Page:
When a grocery store decides to build in a new location, plenty of research goes into where exactly that should be, said Tammie Hoy Hawkins, CEO of CommunityWorks in Greenville.
“Grocery stores really do their financial calculations on rooftops,” she said. “Harris Teeter doesn’t just decide to go on a certain street. They do an entire financial analysis.”
Other businesses do the same.
To be healthy, neighborhoods must be able to attract businesses — like grocery stores. Community members get convenient access to goods, while companies get customers who spend money on their products.
The more economic development or income an area has, the more business it’s able to attract. However, businesses can do their part in order to sustain their local communities. That incentive creates a win-win all around.
Organizations like CommunityWorks — a nonprofit financial organization assisting people and communities with financial education and investments — can often work with financial institutions to help support individuals in their financial goals, according to Hoy Hawkins.
“In many cases, we work hand-in-hand with banks because they don’t have the time or the resources necessary to provide that financial coaching and that financial wellness to households or for families to ensure that type of financial security,” she said.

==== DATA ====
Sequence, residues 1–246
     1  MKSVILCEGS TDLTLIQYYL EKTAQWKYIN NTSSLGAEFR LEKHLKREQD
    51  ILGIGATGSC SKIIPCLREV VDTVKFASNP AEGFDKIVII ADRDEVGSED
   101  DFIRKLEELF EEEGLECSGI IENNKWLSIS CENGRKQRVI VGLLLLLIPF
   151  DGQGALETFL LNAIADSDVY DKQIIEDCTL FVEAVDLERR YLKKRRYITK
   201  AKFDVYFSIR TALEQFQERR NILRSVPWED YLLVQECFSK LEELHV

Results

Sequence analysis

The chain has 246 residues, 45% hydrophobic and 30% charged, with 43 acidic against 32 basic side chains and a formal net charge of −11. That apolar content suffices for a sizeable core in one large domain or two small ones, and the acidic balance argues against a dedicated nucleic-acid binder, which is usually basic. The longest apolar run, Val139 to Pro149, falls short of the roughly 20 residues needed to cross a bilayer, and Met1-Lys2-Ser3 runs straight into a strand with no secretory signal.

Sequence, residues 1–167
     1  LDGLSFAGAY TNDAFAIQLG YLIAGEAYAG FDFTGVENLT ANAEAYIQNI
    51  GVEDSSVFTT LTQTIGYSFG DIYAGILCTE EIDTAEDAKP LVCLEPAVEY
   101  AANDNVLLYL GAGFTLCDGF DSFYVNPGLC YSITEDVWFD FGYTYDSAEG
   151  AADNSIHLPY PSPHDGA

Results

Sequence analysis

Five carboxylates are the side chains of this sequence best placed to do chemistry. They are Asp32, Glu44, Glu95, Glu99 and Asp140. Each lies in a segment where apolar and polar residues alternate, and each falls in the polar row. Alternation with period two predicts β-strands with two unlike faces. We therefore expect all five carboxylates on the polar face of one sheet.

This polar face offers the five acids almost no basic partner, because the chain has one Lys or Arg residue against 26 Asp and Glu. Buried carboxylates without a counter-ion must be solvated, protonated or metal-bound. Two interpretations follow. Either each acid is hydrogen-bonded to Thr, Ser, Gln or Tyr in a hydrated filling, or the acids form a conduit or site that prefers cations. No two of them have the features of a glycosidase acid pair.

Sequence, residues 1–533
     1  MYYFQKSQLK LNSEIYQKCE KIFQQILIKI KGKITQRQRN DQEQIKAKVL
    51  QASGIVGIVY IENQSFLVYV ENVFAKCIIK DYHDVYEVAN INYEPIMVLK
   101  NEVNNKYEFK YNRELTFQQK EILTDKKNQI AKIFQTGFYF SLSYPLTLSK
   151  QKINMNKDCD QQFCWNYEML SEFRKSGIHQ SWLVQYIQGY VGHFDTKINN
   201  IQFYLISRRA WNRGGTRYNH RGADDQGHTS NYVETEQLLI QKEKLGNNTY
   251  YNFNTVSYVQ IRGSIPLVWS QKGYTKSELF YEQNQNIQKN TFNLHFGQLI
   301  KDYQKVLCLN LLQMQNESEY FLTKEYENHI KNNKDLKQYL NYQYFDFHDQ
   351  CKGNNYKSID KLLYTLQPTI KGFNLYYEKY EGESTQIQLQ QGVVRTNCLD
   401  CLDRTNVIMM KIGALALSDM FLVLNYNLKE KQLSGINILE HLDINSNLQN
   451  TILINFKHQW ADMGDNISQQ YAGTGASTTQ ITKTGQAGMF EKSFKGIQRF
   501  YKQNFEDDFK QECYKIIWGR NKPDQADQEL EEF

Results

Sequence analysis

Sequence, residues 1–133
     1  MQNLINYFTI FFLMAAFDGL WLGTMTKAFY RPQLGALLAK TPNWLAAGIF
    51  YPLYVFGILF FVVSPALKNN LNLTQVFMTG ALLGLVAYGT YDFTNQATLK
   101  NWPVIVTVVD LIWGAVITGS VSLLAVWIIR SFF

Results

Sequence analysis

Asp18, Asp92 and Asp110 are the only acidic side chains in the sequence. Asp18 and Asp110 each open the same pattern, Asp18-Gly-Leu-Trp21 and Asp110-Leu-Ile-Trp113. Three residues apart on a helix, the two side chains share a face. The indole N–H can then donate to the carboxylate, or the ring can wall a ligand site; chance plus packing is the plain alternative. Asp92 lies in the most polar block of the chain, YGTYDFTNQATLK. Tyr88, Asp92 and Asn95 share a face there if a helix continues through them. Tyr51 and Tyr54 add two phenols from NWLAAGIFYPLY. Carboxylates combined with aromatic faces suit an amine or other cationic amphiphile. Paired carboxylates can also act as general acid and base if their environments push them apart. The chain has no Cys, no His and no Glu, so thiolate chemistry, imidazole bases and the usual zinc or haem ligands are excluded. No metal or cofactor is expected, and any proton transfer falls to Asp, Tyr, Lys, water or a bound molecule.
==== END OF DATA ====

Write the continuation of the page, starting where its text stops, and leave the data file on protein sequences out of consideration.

For a community to be stable, all levels of income and employment must be stable — from doctors to custodians.
Businesses can tap into their corporate social responsibility in order to benefit their local communities, said Johnnie-Lynn Crosby, regional business solutions director at SC Works Greater Upstate. While it’s good for a company’s bottom line, working in local communities is also attractive to job candidates. It helps to recruit talent.
“Increasing their skills, increasing their wages, it only makes our community stronger,” Crosby said. “It helps us pull in other companies. It’s an economic development strategy.”
Companies that work to improve the community’s health often inspire employees to give back too, according to Crosby.
One way to benefit the community is to expand candidate searches to include low-income areas, places recruiters may not have reached out to before. A company that does this may receive financial help from SC Works on training reimbursement, Crosby said.
For her, it goes back to corporate social responsibility: “It’s something that’s just in human nature to do the right thing and give someone a chance and change somebody’s life,” she said. “It becomes very addicting.”